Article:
Americans, in the Chinese colonels’ view, are too wedded to “weapons whose immediate goal is to kill and destroy.” In unrestricted warfare, “there is nothing in the world today that cannot become a weapon.” So the war should be brought into every aspect of American life: “As we see it, a single man-made stock-market crash, a single computer-virus invasion or a single rumor or scandal that results in a fluctuation in the enemy country’s exchange rates or exposes the leaders of an enemy country on the Internet can be included in the ranks of new-concept weapons. A new concept of weapons provides direction for new-concept weapons, while the new-concept weapons give fixed forms to the new concept of weapons. With regard to the flood of new-concept weapons, technology is no longer the main factor; the true underlying factor is a new concept regarding weapons.”
This argument gives new urgency to those in the United States who are pressing for greater vigilance of Communist Chinese penetration of the United States stock and bond markets. Roger W. Robinson, who served on President Reagan’s National Security Council and now chairs the William J. Casey Institute at the Center for Security Policy, has been behind a transparency initiative to allow U.S. investors to know what their pension funds and mutual funds might be financing in China (see “China Cashes In,” Dec. 20, 1999).
Unrestricted Warfare, in Robinson’s view, “should give pause to those who believe that China’s integration into global financial and trading systems is an entirely benign and civilian development.” It likens currency speculator George Soros to Saudi terrorist Osama bin Laden, the late Colombian cocaine kingpin Pablo Escobar and the Japanese Aum Shinri Kyo cult that in 1998 attacked a Tokyo subway with sarin poison gas. Soros is named at least a half-dozen times as one who has waged “financial warfare” and “financial terrorism” on East Asia. Financiers such as Soros, the colonels suggest, could be legitimate targets of assassination.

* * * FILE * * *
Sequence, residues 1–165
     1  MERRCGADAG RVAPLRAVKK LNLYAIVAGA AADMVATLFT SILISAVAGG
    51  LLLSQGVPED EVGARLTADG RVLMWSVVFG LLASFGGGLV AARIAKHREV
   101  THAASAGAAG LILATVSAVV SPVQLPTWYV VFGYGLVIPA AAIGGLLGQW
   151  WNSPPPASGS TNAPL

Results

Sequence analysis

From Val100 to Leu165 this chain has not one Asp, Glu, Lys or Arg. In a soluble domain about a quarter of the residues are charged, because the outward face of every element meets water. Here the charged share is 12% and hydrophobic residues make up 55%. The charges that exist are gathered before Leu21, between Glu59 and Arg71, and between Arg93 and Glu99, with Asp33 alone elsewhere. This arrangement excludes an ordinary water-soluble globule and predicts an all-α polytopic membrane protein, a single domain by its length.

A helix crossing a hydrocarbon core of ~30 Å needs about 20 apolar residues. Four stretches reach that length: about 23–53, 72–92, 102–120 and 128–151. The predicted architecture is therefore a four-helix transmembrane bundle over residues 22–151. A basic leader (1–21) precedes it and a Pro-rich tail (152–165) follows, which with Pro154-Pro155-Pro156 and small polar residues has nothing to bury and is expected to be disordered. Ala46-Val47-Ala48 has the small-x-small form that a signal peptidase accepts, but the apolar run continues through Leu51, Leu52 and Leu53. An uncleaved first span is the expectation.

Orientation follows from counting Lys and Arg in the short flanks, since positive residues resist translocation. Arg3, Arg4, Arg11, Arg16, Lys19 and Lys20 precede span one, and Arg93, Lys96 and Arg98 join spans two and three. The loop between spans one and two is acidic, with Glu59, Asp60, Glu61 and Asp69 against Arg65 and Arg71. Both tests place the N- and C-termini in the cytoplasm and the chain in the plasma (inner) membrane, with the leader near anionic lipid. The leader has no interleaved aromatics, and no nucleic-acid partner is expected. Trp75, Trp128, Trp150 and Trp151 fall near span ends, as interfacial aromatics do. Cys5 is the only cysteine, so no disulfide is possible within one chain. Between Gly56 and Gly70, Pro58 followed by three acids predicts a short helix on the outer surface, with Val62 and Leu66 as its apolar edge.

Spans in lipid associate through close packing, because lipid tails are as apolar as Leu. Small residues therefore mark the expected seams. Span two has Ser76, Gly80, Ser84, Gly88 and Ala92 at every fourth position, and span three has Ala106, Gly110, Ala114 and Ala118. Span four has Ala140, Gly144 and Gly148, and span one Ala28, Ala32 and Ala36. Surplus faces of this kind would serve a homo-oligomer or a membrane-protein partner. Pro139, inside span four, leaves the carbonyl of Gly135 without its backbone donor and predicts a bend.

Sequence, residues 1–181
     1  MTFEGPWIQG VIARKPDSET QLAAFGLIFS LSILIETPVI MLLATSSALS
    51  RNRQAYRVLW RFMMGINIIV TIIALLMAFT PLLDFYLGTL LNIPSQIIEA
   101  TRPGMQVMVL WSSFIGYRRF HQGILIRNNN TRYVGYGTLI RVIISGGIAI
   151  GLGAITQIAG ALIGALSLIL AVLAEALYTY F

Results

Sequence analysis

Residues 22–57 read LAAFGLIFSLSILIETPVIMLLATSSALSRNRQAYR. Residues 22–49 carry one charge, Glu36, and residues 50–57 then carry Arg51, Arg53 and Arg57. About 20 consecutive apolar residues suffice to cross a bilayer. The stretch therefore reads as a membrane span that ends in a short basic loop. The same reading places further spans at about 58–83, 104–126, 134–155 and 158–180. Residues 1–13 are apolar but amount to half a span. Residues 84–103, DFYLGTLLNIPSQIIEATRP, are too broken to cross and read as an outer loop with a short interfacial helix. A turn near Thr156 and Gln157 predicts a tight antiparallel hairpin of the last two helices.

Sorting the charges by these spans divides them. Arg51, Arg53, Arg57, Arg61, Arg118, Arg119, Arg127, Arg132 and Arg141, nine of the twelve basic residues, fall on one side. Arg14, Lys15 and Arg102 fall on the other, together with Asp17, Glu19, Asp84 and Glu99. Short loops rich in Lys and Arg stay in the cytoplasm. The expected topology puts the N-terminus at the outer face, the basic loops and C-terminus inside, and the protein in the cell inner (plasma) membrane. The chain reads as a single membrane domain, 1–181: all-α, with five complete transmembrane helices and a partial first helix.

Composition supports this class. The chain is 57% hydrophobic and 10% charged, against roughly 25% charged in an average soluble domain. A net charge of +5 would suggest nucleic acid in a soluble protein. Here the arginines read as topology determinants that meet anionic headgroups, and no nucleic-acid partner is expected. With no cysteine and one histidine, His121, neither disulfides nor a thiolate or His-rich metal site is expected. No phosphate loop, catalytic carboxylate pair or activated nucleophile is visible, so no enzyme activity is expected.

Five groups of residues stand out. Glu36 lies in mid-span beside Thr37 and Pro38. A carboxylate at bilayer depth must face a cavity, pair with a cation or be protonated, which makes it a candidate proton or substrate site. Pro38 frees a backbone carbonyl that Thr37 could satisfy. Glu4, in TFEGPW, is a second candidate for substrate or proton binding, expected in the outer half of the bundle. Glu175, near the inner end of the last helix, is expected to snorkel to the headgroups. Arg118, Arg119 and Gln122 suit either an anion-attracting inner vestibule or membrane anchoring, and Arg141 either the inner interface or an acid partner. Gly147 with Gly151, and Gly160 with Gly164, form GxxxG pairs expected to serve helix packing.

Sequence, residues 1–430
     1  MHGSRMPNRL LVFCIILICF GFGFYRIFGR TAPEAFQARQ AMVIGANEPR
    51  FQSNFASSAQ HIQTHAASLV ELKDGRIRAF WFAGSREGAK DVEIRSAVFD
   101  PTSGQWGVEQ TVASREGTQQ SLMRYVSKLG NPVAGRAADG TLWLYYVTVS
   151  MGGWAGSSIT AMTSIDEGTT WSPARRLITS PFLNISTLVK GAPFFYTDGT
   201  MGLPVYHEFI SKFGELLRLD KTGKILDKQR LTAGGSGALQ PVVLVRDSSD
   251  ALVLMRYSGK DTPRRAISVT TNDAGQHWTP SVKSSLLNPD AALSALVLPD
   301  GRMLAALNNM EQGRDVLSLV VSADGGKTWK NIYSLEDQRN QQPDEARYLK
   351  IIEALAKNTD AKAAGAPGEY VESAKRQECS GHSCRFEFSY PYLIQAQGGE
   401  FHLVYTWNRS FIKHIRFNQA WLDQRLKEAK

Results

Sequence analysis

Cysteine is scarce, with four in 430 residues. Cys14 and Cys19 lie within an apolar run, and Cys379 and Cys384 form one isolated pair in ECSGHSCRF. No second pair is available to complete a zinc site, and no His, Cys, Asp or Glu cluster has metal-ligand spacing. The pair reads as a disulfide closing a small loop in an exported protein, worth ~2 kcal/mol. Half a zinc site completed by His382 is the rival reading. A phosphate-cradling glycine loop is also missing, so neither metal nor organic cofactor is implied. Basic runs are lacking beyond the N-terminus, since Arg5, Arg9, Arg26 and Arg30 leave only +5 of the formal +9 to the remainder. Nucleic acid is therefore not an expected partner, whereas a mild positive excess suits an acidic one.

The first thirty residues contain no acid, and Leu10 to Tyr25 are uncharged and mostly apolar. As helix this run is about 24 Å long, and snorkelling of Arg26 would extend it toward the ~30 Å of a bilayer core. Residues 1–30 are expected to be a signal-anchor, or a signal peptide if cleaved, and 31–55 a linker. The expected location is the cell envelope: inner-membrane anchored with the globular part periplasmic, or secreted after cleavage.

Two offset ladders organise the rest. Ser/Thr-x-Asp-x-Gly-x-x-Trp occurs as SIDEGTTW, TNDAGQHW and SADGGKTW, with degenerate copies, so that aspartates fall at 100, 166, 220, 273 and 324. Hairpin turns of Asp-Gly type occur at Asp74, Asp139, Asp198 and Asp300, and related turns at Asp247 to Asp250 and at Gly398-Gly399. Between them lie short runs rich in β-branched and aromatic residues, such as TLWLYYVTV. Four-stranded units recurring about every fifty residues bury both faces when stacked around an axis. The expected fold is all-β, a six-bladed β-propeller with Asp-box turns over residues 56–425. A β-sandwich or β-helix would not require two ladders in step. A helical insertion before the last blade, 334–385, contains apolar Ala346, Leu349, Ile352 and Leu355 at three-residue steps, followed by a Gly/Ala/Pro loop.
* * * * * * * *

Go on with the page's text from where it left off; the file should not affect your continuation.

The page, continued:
Contrary to the conspiratorial worldview fostered by one-party systems such as that in China, the PLA colonels recognize that individual speculators and other nongovernmental actors are indeed independent and not necessarily agents of Western capitalism or appendages of the U.S. government. Such individuals and groups, they say, are threats in their own right: the “nonprofessional warriors.” And they must be dealt with.
“This person is not a hacker in the general sense of the term, and also is not a member of a quasimilitary organization,” the colonels argue. “Perhaps he or she is a systems analyst or a software engineer, or a financier with a large amount of mobile capital or a stock speculator. He or she might even be a media mogul who controls a wide variety of media, a famous columnist or the host of a TV program. His or her philosophy of life is different from that of certain blind and inhuman terrorists.” But they might as well be the same: “Who can say that George Soros is not a financial terrorist?”